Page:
The Boston Celtics rose to their feet, spit out the blood, wiped their mouths, and got back to fighting in their Eastern Conference Finals series against the Miami Heat. Down 3-0 after getting the snot knocked out of them on Sunday night, they got their first win of the series with Jayson Tatum and Jaylen Brown playing much more like their All-NBA selves.

Both were huge in the second half with some key plays. Brown was able to get to the rim and draw some fouls in the fourth quarter. Tatum played by far his best game of the series. He found his offense and scored 27 of his 33 points in the second half. The Celtics won 116-99 to push the series to Game 5.

Tatum playing like the best player was a welcome change for the Celtics in this series. Even though he scored 30 or more points in Game 1 and 2, he didn’t score a single fourth-quarter point in the Eastern Conference Finals until Tuesday night. His 12 in the fourth helped put the lead out of reach.

Jaylen Brown was C’s most consistent player pre-ECF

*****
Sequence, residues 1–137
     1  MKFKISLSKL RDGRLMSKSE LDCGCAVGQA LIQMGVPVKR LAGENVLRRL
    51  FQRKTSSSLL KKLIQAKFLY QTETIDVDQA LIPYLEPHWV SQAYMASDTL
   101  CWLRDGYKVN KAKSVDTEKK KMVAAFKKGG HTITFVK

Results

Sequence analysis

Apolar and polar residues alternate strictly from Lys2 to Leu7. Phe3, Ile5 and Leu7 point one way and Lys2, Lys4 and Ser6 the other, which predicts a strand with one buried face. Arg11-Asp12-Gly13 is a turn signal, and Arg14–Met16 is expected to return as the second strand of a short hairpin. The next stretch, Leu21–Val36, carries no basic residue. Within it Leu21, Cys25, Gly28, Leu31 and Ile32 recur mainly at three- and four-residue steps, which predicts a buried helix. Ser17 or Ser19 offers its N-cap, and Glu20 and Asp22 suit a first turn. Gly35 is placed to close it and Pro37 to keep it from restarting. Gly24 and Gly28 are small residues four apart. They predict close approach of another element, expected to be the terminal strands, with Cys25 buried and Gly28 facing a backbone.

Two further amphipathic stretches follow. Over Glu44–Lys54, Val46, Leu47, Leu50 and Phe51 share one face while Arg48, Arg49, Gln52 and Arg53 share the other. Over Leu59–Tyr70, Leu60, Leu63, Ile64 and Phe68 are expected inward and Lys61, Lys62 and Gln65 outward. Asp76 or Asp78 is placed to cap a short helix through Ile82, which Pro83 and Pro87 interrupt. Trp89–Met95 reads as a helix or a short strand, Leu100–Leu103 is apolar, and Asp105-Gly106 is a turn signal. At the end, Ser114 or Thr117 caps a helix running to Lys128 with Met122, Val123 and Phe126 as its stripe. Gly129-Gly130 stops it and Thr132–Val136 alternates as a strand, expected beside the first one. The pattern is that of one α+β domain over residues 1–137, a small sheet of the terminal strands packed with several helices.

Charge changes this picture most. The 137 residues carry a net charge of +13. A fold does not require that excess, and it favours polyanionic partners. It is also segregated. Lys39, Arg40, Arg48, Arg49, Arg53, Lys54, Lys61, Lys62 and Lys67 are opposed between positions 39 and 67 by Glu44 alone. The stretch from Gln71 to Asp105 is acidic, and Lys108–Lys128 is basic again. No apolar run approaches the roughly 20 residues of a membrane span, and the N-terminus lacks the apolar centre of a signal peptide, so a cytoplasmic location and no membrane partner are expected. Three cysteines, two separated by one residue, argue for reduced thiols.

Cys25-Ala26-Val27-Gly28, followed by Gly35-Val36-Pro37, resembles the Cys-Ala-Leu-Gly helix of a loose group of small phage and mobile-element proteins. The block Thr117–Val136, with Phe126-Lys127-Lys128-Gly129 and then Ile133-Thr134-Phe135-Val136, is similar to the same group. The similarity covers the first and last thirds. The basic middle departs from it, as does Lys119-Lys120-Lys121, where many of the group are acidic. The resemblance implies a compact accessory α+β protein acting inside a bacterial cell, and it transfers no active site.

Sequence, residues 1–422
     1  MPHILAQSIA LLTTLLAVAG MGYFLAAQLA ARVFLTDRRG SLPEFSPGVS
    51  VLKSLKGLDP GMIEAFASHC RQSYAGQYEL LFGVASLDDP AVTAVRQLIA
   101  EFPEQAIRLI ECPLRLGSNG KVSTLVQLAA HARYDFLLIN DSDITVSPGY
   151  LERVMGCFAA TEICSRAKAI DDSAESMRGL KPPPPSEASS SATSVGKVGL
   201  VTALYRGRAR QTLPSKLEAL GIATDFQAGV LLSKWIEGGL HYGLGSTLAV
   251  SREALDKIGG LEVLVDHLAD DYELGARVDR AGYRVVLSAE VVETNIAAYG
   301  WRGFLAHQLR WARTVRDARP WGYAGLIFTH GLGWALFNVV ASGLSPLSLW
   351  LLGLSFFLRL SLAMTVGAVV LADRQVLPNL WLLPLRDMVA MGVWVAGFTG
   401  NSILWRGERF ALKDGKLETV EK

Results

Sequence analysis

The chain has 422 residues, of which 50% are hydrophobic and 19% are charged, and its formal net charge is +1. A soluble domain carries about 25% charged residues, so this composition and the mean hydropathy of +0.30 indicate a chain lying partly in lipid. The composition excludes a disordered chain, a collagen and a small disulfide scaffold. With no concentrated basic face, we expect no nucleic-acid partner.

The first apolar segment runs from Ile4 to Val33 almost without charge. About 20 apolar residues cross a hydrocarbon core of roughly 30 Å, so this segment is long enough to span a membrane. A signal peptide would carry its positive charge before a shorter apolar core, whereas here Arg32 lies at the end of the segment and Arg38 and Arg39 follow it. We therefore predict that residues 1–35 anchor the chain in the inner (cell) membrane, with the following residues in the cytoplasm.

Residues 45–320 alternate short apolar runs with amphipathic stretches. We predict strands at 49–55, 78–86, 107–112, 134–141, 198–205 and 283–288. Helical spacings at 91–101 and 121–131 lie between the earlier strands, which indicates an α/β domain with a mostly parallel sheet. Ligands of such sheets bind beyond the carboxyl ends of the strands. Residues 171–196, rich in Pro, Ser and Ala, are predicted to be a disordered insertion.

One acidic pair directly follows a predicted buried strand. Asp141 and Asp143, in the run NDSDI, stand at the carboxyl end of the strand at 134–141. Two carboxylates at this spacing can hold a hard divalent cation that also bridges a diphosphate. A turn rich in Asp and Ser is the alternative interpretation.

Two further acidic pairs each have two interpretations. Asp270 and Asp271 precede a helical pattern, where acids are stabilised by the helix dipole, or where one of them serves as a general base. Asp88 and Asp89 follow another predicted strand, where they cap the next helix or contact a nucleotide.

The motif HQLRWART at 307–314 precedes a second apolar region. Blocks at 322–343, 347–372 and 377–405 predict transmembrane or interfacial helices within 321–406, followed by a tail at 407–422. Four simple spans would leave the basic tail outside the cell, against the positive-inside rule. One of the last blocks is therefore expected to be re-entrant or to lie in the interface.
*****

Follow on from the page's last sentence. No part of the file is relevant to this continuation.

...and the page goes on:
As well as he has played at moments in these playoffs, before the conference finals began the Celtics’ most consistent player was Brown. Through two rounds he was averaging 24.6 points per game on 54.1/47.1/69.8 shooting splits.

Brown scored 22 points in the Celtics’ Game 1 loss, but only four came after the 10-minute mark of the fourth quarter. He took a spill when his left elbow crashed into Bam Adebayo on a drive, and as he hit the ground the Heat’s big man fell on his right hand. A hand that Brown had stitched up after an accident that took place at his home 10 days before the start of the playoffs. Brown clutched his elbow after the hit, and with 4:47 remaining in the final quarter Turner Sports’ Allie LaForce reported that the wound had reopened and the bleeding was substantial.

In the next two games, Brown shot less than 36 percent from the field, and went a combined 1-14 from the 3-point line. With Brown’s offense tanking after the injury, and Tatum’s fourth-quarter goose eggs, the Celtics’ offense has not been able to perform well enough to contend with Heat’s net scorching shooting. They shot 54.3 percent from three as a team in that Game 3, 128-102 blowout.

Miami goes cold